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CBR reviewing tax exemptions distorting trade

ISLAMABAD (December 08 2005): The Central Board of Revenue (CBR) has started reviewing tax exemptions, which are creating trade distortions, for abolishing the same in budget 2006-07.

The CBR suffered a loss of Rs 24.851 billion in lieu of tax exemptions given to various sectors during 2004-05 against Rs 19.802 billion in 2003-04, reflecting an increase of 25.5 percent.

Official sources told Business Recorder on Wednesday that the CBR has started analysing income tax, sales tax and customs exemptions to propose amendments in the Sales Tax Act, 1990, Income Tax Ordinance 2001 and concessionary notifications of customs. The exercise is basically aimed at identifying those exemptions and concessions due to which the level playing field is not provided to all players within the same industry/sector. For example, if a specific item is exempted from sales tax and customs duty at the import stage, but is liable to sales tax on the local supply, it creates distortion in the taxation system within the same industry.

In the past, various irrelevant exemptions were withdrawn. Income tax exemptions having no significance were taken away in past budgets.

Sources said that the CBR Members of Customs, Sales Tax and Income Tax would submit the names of the proposed exemption to be withdrawn from next financial year as a result of ongoing exercise.

On the other hand, tax experts said that exemptions which create inequity in the society by giving concessions to a specific class of persons or specific sector needed to be taken away as such exemptions create distortions in the society.

The cost of sales tax exemption was Rs 7.850 billion in 2004-05 against Rs 9.250 billion in 2003-04; income tax, Rs 4.600 billion against Rs 6.150 billion; customs duty Rs 12.38 billion against Rs 4.400 billion and the cost of exemption of central excise was Rs 0.021 billion in 2004-05 against Rs 0.002 billion in 2003-04.

During 2004-05, the exemption to pharmaceutical industry caused a loss of Rs 4.60 billion; whereas general conditional exemption was Rs 7.429 billion. On tractors and other agriculture machinery Rs 1.75 billion; on import of machinery and equipment Rs 1.976 billion; on allowances Rs 1.10 billion; on capital gains, Rs 0.95 billion; on pension, Rs 0.70 billion; on sector and enterprise specific exemptions, Rs 0.70 billion and estimated revenue loss due to exemptions to the fertilisers has caused a loss of Rs 0.69 billion.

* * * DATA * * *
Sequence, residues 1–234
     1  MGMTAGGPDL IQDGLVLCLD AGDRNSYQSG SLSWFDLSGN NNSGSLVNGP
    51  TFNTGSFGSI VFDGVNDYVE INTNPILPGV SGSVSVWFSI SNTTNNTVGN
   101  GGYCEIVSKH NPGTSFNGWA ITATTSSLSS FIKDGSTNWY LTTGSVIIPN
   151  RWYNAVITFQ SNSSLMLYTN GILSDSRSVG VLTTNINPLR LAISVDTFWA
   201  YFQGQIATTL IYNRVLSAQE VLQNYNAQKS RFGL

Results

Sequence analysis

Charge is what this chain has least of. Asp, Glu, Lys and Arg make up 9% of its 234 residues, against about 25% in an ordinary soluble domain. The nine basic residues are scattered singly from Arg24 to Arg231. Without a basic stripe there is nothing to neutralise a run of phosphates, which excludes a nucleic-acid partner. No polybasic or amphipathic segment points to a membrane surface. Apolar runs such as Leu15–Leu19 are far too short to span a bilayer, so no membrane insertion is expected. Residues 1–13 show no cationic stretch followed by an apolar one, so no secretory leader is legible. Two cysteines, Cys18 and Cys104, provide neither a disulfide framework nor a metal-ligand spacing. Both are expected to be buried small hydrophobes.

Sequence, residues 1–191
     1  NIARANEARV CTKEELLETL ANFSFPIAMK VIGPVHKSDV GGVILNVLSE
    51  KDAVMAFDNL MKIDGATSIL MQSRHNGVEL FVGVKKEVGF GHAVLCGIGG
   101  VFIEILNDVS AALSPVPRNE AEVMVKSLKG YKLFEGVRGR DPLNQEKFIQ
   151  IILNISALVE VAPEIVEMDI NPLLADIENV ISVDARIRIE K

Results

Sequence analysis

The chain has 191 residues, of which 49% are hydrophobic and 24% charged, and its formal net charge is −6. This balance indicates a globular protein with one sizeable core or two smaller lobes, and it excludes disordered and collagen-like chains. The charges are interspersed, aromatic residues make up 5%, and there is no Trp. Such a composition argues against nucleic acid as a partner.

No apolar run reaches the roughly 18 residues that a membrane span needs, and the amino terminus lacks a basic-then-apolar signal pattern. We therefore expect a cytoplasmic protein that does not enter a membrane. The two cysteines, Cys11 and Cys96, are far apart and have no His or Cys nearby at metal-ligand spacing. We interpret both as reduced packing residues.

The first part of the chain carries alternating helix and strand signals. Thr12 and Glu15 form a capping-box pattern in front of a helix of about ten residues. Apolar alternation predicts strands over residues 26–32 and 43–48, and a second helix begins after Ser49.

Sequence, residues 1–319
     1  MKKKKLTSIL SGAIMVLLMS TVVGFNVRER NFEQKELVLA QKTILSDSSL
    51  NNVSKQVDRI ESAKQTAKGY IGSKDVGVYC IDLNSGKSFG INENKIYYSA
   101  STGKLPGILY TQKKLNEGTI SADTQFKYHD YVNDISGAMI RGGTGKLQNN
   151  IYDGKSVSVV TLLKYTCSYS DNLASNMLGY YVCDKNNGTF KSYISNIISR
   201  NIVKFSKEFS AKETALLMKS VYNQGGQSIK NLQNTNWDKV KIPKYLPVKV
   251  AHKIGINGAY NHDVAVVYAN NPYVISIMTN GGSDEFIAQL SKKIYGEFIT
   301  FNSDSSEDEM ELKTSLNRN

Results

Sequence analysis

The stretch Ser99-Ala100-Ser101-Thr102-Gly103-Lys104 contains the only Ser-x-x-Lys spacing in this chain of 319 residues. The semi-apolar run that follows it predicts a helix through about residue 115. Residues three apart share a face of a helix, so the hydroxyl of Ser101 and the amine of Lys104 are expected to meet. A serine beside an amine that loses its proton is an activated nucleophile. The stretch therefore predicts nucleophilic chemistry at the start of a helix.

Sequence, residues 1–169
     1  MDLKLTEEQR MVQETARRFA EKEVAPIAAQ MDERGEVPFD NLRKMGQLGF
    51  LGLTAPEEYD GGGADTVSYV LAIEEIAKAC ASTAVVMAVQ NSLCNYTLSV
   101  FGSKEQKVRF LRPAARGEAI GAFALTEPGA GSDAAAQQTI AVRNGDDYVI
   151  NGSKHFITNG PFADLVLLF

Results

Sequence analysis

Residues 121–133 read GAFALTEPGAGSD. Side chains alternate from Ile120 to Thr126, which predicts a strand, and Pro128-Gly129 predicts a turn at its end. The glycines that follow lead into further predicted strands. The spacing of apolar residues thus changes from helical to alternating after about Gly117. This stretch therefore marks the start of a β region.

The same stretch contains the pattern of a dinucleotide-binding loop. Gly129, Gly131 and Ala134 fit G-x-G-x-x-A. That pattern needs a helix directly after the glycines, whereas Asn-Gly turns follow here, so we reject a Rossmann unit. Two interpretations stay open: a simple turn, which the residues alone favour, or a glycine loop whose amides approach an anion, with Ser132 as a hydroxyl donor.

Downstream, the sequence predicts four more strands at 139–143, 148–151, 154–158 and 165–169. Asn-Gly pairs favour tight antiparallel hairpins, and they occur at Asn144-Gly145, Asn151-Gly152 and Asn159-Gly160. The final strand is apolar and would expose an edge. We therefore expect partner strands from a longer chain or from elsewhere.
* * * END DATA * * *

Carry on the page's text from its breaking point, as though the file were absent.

Seven customs SROs caused a loss of Rs 12,384 million in 2004-2005 against Rs 4,397 million in 2003-2004.

The income tax exemption to pensions resulted in loss of Rs 0.70 billion in 2004-05; allowances, Rs 1.10 billion; income from fund (NIT Units), Rs 0.60 billion; NSS interest income, Rs 0.50 billion; other income interest, Rs 0.05 billion; capital gains, Rs 0.95 billion and sector and enterprise specific exemption caused a loss of Rs 0.70 billion.

Key sales tax exemptions were on food items (wheat, grain, pulses, and edible oils excluding palm oil and soybean oil). In addition to food items, the exemptions also apply to phosphatic fertiliser, information technology equipment, and pharmaceutical products. As per international practices, the bulk of such items cannot be taxed. The cost of sales tax exemption was Rs 7.85 billion for 2004-2005 against Rs 9.25 billion for 2003-04.

On the income tax side, the exemption expenditure mainly relates to allowances, capital gains, pensions, provident funds and superannuation funds. Moreover, exemptions related to charitable activities and non-profit educational institutes are common in both developed and developing countries. The position with regard to the basic threshold of income for charging taxes is similar.

Tax expenditure on account of central excise is minimal compared to other taxes being administered by the CBR. The cost of CED exemptions in 2004-2005 is around Rs 19.5 million. This exemption was granted to the Agha Khan Development Network for the Agha Khan Hospital and Medical College, Karachi on the purchase of cement for the construction of the oncology block and laboratory building.

Customs exemptions are mainly given on raw materials and components; plant, machinery and equipment imported by the high-tech sector, priority and value added industries; imports for energy sector projects; exploration and production companies. Some of these exemptions are due to international contractual obligations.

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